By Nic Bertsch
How many times have you heard someone say something like this?
“This world is so messed up.”
“Human beings are so messed up.”
If you have never heard anyone say something like this, just ask the next person you talk to if they agree with either of the statements. The answer will almost always be yes. Those who would identify themselves as atheists, especially when their guard is down, will likewise agree that there is a massive amount of dysfunction in both people and the planet. Beliefs like these, however, are not compatible with atheism. In this post, I want explore this problem and shed some light on the inability of atheism to explain the real world.
Take environmentalism as an example. Those who would deem themselves environmentalists, would definitely agree that the planet is messed up. After all, they are constantly petitioning people and governments to reduce pollution and increase conservation efforts. They look down with disdain on those who don’t believe in global warming. There are even some of the more radical types, who actually favour reducing the population in order to help conserve animal and plant life and cut down on pollution. The question for anyone holding this view, if they are an atheist, is why?
To spot the confusion, we need to take a step back and start at the beginning. In the worldview of atheism, specifically naturalism or materialism, all that exists is matter. The universe came from nothing, by nothing, for no reason. The fact that any kind of life exists defies all probability. Humans, along with every other life form in the universe, are an accident. There is no creator, just particles. Now that we have that established: why should we think the planet is messed up?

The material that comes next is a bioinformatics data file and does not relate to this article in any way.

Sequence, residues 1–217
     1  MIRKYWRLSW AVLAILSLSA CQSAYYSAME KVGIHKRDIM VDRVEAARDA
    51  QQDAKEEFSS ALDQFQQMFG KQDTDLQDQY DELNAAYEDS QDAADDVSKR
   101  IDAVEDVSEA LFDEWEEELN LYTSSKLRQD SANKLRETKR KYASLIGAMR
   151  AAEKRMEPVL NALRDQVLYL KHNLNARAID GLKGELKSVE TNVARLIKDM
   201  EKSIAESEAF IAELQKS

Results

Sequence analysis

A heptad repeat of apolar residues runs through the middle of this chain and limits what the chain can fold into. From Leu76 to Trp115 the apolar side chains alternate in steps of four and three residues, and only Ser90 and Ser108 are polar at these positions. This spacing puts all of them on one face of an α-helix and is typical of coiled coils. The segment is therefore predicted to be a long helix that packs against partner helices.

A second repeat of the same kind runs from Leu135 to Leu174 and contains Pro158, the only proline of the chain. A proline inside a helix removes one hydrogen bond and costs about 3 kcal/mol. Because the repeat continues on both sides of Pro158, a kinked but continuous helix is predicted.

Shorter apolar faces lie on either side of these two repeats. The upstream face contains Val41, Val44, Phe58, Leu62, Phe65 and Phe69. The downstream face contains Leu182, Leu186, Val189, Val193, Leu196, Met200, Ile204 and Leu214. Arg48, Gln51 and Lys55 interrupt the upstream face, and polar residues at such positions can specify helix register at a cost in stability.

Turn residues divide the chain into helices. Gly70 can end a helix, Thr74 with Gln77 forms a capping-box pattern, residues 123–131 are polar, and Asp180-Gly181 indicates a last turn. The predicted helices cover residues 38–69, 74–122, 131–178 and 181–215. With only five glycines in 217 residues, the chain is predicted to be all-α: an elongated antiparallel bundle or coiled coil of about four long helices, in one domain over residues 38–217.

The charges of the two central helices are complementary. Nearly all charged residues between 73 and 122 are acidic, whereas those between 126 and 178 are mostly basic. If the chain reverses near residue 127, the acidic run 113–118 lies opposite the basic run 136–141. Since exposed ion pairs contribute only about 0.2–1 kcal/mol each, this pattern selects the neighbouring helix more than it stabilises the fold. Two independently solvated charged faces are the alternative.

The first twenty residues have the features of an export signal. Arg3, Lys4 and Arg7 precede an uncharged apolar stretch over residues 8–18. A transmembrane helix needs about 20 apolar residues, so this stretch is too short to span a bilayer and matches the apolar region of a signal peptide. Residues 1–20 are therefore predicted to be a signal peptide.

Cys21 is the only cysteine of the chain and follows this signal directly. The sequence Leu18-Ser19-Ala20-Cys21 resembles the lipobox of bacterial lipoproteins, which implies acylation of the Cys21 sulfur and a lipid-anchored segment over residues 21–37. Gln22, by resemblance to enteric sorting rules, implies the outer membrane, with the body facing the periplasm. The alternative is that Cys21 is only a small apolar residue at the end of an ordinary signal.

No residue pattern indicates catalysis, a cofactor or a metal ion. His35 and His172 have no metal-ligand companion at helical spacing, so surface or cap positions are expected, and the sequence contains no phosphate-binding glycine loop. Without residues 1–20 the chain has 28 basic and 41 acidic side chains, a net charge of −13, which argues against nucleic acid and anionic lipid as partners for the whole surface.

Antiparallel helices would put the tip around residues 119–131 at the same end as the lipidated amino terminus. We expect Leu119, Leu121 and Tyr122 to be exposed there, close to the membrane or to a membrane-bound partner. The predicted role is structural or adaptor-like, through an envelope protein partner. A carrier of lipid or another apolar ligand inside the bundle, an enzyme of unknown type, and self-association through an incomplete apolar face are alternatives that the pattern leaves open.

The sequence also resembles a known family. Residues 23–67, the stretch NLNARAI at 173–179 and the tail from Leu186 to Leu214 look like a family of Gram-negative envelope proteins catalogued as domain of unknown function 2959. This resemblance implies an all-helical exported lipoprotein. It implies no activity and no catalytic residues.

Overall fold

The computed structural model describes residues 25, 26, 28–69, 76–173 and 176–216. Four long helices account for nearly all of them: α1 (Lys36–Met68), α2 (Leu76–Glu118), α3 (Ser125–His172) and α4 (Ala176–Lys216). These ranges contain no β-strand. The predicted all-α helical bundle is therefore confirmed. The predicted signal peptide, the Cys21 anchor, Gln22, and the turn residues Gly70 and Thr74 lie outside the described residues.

Things can only be messed up, if there is a way they ought to be. If everything is an accident, if there is no design or purpose in life or the universe, then there is no “ought.” There just is.
Think about it for a second: The temperature of the earth has been both warmer and colder than it is now. The majority of species of animals and plants that have ever existed have gone extinct. This is what happens on earth. Why should we think, especially from the viewpoint of an atheist, that there is any reason to preserve the earth in some arbitrary state that environmentalists determine is the way it “ought” to be? The earth and the universe just are, remember? There is no design or meaning or purpose. We are an accident. We all will die, the earth will die, the universe will die, and no act of environmentalism will change that in any ultimate sense.
This is a big point of inconsistency amongst atheists, as they desperately want to affirm the need to preserve the environment, even though it makes absolutely no sense in their worldview. I say again: If the planet is messed up, it can only be because it was designed, and that design has been disrespected or abused in some way. Well, a design needs a designer. I have a feeling that the idea of a designer is not something many atheists would be quick to embrace, yet they can’t help but think in those terms. It’s almost like they are fighting against reality.